Exercise & Grooming

Rhodesian Ridgebacks need over two hours of exercise each day. They’ll become bored and destructive if their activity needs aren’t being met. Vigorous play such as swimming is a great way to tire this breed out!

Dog sports such as tracking and agility are excellent forms of exercise and mental stimulation. Despite its large size, this canine can turn quickly and sharply, a hunting feature from their time in the Savannah. The intelligent Ridgeback will breeze through an obstacle course!

The Ridgeback is a moderate shedder with a short yet dense coat. It doesn’t require much effort on the grooming front. A quick brush once a week with a slicker dog brush is all they need. Brush the ridge in the same direction the hair grows.

Baths should be given monthly at a minimum. Ridgebacks are typically clean and don’t have a strong doggy odour. Remove debris from the ear canal by cleaning the ears weekly. Nails need trimming every fortnight. Vets recommend teeth are brushed daily to prevent dental disease.


Check out the breed-related health condition of the Rhodesian Ridgeback below:

Hip Dysplasia: The abnormal growth of the hip joint causes the ball and socket to rub and grind against one another. This will cause lameness and pain leading to arthritis.
Elbow Dysplasia: The abnormal growth of the elbow joint will cause lameness, pain, and eventually arthritis.
Hypothyroidism: This disorder affects a dogs metabolism which will cause changes in the skin, weight and energy levels.
Gastric Dilatation Volvulus: The stomach twists trapping food and gases within. It’s a life-threatening condition typically caused by fast eating.
Juvenile Myoclonic Epilepsy: JME will cause uncontrollable seizures during a dog’s sleep.
Dermoid Sinus: A cyst underneath the skin is found on the spinal cord. It’s an inherited and painful condition.

Rhodesian Ridgeback Training

Ridgebacks are strong-willed so aren’t the best breed for first-time owners. In experienced hands, this breed is easy to train thanks to its intelligence. Once the owner’s leadership is established the Ridgeback is eager to please.

This breed is sensitive and requires firm leadership not harsh. Instead, use positive reinforcement methods. Ridgebacks are smart and learn fast. Daily socialization, training and exercise will nurture the Ridgeback into a well-rounded dog.

Like most smart dog breeds, Ridgebacks bore easily. Keep training sessions short and fun. It’s best to exercise a dog before training so they can get rid of any pent up energy! Use food rewards and toys as rewards.

Remain patient and don’t let them break household boundaries. Rhodesian Ridgeback puppies are boisterous and can be frustrating! But if they’re allowed to break the rules this will have an effect on how the household’s pecking order is perceived.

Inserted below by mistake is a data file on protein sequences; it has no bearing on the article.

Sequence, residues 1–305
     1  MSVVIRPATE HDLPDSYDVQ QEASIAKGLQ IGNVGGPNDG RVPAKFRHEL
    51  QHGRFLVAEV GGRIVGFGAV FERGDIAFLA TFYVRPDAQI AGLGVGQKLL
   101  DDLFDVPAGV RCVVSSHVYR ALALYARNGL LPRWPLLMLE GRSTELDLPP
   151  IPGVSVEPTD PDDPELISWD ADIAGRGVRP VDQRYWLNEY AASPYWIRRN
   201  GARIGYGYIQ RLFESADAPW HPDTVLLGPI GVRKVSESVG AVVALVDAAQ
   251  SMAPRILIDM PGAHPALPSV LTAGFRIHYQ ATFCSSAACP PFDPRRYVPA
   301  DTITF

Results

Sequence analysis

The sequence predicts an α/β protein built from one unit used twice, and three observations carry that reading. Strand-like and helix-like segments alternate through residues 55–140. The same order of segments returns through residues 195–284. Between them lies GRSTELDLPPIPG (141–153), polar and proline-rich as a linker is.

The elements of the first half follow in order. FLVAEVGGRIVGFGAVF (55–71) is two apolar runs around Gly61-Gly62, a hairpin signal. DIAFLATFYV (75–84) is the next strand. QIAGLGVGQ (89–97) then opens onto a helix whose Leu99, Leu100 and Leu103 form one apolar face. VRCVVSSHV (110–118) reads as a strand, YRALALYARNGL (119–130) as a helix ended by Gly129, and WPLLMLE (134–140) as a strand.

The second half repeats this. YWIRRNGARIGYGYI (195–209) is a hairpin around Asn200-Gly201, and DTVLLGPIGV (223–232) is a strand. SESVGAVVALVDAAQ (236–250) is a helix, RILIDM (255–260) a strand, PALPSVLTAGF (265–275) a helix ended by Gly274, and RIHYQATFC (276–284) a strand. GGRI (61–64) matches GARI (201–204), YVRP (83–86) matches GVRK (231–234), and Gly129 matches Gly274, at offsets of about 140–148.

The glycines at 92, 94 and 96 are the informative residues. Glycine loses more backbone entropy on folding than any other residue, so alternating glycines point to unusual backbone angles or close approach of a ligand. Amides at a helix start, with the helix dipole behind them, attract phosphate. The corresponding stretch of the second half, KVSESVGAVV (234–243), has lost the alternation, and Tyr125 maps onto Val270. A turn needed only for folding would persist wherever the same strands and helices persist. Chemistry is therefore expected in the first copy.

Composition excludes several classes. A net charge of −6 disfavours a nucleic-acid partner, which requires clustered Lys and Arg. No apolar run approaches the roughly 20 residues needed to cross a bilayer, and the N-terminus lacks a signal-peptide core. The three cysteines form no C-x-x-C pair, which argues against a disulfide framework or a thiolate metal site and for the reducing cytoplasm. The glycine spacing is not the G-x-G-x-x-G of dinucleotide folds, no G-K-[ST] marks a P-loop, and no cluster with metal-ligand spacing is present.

rhodesian ridgeback

Rhodesian Ridgeback Interesting Facts

  • In 2008 Jemima Harrison produced a BBC One documentary called Pedigree Dogs Exposed. It uncovered breeders who advocated culling the Rhodesian Ridgeback simply for being ridgeless here in the UK! Even the Rhodesian Ridgeback Club stated in their code of ethics that “Ridgeless puppies shall be culled”. Despite Ronnie Irving, Kennel Club Chairman at the time, denying knowledge of the practice, the club stated their code of ethics is approved by the KC yearly. The documentary drew intense criticism of the Kennel Club and Crufts.
  • In the 1930s actor Errol Flynn purchased a Rhodesian Ridgeback from an English breeder, returning to America. He was one of the first to breed Ridgebacks in America. Unfortunately his bloodline no longer exists.
  • In Germany, Etana the Rhodesian Ridgeback gave birth to 17 puppies! She had eight females and nine males. Owner Rasmona Wegemann, an animal psychiatrist, had to help rear the puppies as the strain on Etana’s nipples was immense!
  • In Newport, South Wales, Rhodesian Ridgeback owner Sam Gordon was jailed for 28 months. He is also banned from owning dogs for 6 years. The man ordered his Ridgebacks to attack Cordell Roberts after biting the same man in a previous incident in 2020.
  • In Billericay, Essex a Rhodesian Ridgeback was put down after biting a family friend 7 times. Astrid Plamer rung the doorbell, greeted the owners in the driveway, and went round the back of the house. After entering the rear of the property with the owner’s wife, the Rhodesian Ridgeback began to attack Ms Palmer leaving her with severe injuries.